One primary reason for the show's success is the characters. Fans became fanatically attached to the group. None has more of a following than the self-described "Everyman" Hurley, played by Jorge Garcia.
"We're not a cop drama and we're not a hospital and we're not lawyers. Our characters are people you want to know more about and want to, you know, come back to," Garcia said.
It's a diverse collection of souls, among them a spoiled brother and sister, an estranged father and son, a pregnant Australian woman, a brittle Korean couple and a former Iraqi soldier, Sayid.
Naveen Andrews, who plays Sayid, said this diversity adds to the show's appeal. "It's this group of individuals from all different walks of life -- different races, cultures, backgrounds -- and it's a kind of microcosm of society at the moment," he said.
"What's interesting is that you find characters are suddenly set free from the way they were defined in the other world," he added.
That's certainly true for the character of Jin, a Korean who speaks no English. The actor who plays him, Daniel Dae Kim, says it's a character that breaks the movie stereotypes of Asian men.
"Very rarely have we been in a position to be seen in a positive light. Asian men tend to be made fun of and jokes are made at their expense. And we rarely see them as heroes or romantic leads. ... I've worked in this business now for 12 years and this show gave me my first on-screen kiss," he said.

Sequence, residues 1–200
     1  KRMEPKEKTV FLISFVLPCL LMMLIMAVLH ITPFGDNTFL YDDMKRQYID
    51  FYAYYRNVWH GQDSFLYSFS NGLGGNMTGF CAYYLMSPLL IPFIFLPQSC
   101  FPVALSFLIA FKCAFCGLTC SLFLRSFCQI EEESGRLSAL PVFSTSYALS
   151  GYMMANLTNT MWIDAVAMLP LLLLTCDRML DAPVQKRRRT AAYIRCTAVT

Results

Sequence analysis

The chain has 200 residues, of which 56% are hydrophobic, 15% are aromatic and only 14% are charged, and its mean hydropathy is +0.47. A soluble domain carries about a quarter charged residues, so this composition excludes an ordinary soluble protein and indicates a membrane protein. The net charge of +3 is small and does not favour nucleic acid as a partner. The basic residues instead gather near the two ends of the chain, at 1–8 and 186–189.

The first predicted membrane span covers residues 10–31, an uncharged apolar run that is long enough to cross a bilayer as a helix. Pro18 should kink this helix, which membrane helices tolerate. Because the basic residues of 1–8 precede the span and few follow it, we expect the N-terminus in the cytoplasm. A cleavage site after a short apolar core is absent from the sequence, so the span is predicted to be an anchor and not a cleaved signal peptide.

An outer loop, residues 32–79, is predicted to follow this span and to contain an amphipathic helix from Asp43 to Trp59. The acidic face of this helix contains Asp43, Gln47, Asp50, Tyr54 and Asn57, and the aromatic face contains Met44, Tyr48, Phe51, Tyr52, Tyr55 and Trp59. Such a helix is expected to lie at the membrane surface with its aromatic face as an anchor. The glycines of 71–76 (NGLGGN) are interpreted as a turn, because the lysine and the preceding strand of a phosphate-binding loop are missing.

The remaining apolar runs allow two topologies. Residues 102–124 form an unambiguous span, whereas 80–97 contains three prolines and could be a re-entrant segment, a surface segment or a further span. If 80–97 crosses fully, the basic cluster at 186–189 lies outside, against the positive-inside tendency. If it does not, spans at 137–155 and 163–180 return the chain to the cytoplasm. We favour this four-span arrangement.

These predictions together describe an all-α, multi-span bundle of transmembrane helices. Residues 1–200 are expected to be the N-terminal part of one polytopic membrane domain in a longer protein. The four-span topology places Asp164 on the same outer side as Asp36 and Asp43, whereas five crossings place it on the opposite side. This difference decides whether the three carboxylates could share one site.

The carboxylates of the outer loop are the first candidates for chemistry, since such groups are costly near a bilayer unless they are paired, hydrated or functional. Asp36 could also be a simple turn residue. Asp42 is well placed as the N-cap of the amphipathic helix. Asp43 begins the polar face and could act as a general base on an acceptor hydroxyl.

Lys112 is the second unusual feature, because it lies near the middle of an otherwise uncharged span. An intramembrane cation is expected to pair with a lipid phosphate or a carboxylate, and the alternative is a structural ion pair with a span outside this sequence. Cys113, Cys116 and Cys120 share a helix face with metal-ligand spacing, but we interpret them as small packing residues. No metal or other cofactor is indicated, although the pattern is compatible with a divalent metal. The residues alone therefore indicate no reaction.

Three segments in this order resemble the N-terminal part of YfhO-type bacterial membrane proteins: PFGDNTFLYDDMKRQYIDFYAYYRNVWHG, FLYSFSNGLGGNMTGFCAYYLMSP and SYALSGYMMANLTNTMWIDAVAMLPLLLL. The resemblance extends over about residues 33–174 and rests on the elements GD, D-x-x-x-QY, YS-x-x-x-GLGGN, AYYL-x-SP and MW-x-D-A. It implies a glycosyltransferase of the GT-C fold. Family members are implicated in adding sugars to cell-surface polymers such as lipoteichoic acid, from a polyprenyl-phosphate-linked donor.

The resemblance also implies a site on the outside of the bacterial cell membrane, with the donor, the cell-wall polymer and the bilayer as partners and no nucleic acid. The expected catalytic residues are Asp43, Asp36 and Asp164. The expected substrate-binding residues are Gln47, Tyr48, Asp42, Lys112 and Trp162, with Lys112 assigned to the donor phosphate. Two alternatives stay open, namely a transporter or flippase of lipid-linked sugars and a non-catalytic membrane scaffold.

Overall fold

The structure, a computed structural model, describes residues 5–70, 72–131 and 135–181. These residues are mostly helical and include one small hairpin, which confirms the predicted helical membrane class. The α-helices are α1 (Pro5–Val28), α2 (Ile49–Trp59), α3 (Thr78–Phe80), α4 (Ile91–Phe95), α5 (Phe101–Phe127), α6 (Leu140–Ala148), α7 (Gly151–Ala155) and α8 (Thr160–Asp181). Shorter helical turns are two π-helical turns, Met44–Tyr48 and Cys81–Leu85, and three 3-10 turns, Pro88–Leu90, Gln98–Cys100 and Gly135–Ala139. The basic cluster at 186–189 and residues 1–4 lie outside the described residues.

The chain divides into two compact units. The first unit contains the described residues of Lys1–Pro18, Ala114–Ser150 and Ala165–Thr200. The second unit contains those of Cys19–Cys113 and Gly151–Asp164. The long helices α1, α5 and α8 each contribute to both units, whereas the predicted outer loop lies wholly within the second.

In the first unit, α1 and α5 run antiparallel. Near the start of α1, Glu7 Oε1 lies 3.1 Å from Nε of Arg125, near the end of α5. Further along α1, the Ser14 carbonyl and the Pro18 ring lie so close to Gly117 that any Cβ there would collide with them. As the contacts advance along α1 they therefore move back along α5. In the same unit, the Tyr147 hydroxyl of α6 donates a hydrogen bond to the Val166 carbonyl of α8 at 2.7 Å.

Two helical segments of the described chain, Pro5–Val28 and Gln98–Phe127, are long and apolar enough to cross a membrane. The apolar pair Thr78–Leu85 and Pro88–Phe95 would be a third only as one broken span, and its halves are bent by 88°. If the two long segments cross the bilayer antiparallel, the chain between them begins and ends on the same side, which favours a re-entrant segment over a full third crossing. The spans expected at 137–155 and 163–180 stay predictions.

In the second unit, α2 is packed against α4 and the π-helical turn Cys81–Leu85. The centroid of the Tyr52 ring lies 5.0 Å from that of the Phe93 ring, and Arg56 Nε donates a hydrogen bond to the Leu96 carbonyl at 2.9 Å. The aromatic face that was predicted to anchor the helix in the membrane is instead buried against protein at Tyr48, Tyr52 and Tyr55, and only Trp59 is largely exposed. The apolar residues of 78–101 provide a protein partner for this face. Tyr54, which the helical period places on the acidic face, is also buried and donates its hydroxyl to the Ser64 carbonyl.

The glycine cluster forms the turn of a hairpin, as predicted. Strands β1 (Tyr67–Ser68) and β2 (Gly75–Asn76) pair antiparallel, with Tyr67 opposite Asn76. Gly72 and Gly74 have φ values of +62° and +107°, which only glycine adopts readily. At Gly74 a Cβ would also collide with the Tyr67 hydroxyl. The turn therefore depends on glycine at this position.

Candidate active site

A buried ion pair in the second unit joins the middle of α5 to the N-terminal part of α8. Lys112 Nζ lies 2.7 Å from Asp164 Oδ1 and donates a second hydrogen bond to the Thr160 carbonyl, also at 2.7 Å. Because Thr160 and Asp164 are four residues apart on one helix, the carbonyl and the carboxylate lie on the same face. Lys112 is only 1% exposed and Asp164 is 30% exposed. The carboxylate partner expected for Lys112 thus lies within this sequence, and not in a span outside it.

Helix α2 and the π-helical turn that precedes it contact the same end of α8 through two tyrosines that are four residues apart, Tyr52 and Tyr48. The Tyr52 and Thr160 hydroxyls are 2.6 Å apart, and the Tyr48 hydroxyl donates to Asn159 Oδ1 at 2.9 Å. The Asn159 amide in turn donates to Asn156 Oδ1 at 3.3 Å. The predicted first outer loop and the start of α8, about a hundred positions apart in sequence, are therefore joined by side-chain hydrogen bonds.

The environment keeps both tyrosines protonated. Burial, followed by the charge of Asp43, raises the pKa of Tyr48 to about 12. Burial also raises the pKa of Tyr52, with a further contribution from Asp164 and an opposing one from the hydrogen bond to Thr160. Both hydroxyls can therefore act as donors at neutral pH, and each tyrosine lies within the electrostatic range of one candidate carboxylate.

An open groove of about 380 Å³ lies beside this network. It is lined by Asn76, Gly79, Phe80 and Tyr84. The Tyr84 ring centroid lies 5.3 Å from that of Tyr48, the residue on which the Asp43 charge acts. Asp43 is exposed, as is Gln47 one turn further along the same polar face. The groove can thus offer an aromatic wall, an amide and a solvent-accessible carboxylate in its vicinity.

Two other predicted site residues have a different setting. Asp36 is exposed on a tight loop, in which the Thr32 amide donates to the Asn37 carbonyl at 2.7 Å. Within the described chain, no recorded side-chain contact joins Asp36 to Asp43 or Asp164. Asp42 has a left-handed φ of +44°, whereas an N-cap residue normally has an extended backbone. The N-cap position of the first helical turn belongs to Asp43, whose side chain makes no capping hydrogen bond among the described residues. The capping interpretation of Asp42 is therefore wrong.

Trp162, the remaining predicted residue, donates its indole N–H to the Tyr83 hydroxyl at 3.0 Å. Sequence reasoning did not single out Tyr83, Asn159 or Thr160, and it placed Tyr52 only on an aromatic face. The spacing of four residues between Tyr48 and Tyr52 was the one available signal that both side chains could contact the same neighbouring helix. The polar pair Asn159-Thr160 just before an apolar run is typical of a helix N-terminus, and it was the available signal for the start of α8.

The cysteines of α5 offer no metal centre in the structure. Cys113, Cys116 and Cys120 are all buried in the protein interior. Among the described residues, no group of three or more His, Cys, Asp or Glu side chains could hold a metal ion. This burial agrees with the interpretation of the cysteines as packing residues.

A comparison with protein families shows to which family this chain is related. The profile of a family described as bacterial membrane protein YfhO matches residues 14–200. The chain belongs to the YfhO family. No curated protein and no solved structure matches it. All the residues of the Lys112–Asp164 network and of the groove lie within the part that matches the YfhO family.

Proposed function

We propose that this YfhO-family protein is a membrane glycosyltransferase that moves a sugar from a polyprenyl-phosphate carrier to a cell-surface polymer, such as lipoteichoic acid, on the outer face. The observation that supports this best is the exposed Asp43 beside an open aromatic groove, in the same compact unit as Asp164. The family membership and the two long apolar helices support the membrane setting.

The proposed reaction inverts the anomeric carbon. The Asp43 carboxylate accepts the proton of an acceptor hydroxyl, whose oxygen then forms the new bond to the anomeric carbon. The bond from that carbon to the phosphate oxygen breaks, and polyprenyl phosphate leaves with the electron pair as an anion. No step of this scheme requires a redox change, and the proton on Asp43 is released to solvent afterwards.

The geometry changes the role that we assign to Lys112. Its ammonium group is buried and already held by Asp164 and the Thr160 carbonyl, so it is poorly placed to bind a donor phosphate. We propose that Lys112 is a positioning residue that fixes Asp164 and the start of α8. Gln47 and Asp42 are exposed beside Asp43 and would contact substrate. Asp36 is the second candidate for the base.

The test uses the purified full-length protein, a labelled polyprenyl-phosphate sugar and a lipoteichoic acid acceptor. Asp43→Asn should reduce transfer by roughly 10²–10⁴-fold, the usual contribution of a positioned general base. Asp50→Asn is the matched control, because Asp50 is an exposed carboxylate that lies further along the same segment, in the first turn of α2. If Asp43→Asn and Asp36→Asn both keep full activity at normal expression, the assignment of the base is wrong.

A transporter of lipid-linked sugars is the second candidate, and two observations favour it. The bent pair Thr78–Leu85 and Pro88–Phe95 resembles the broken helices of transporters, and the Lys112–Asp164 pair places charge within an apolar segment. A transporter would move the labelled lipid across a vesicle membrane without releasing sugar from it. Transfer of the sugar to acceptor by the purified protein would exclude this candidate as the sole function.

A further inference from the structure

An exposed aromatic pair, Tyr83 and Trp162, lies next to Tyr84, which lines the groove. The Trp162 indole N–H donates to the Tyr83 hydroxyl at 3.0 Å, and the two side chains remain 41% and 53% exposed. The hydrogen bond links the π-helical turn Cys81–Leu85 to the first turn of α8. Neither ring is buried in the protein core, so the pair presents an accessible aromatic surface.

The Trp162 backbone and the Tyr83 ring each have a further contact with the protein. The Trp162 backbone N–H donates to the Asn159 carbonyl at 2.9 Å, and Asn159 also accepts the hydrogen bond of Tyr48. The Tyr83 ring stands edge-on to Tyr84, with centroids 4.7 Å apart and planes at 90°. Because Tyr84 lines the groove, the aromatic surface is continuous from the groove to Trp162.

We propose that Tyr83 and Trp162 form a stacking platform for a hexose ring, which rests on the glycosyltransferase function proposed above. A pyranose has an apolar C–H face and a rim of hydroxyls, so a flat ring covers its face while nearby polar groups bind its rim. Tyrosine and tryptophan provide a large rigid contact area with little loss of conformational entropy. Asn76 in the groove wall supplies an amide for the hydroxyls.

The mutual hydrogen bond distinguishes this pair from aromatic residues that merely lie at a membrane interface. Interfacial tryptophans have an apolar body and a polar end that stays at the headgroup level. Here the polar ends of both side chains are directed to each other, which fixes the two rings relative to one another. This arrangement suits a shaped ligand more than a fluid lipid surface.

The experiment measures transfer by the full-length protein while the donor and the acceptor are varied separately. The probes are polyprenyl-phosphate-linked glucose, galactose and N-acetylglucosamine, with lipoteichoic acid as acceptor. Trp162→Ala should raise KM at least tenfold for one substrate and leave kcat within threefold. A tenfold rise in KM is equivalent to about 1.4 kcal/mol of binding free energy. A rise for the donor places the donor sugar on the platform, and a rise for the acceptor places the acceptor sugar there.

Another character, Charlie, was a fading rock star and heroin addict who stole from his girlfriend's family. He's played by Dominic Monaghan, who made a splash as the hobbit Merry in the "Lord of the Rings" trilogy.
"There's a lot of characters in the show that seem to be having to face their demons, you know? The thing with Charlie is that through his addictive kind of lifestyle, he now has issues with women and with trust and with intimacy and I think, for want of a better word, Charlie is lost," Monaghan said.
Character development is crucial, the show's creators say.
"The complex storytelling -- moving backward and forward in the character's lives -- shows an attitude toward the viewer some say is unusual in network programming. The audience is intelligent. They are very savvy and you can't talk down to them," said.
The creators say another reason for the success of "Lost" is that they draw from powerful influences. They use a story structure associated with movie suspense master Alfred Hitchcock: The audience knows things the characters do not.
For example, we know that the mysterious John Locke, played by Terry O'Quinn, was an office drudge at a box company and in a wheelchair before the crash.
The characters on the island know him only as a survival-savvy hunter. Locke is one of the most popular characters among show fans.
O'Quinn said he thinks the audience likes Locke because "he's enigmatic, because they don't, they can't pin him down. He seems to know a lot, and he knows about people."
Locke also seems, more than any character, to feel like the island is mystical -- that there's something supernatural about it.
In a cast kept in the dark about the island's mysteries O'Quinn is the only one who got a hint about the invisible monster. But even he doesn't know what it is, and he appealed to Lindelof for guidance.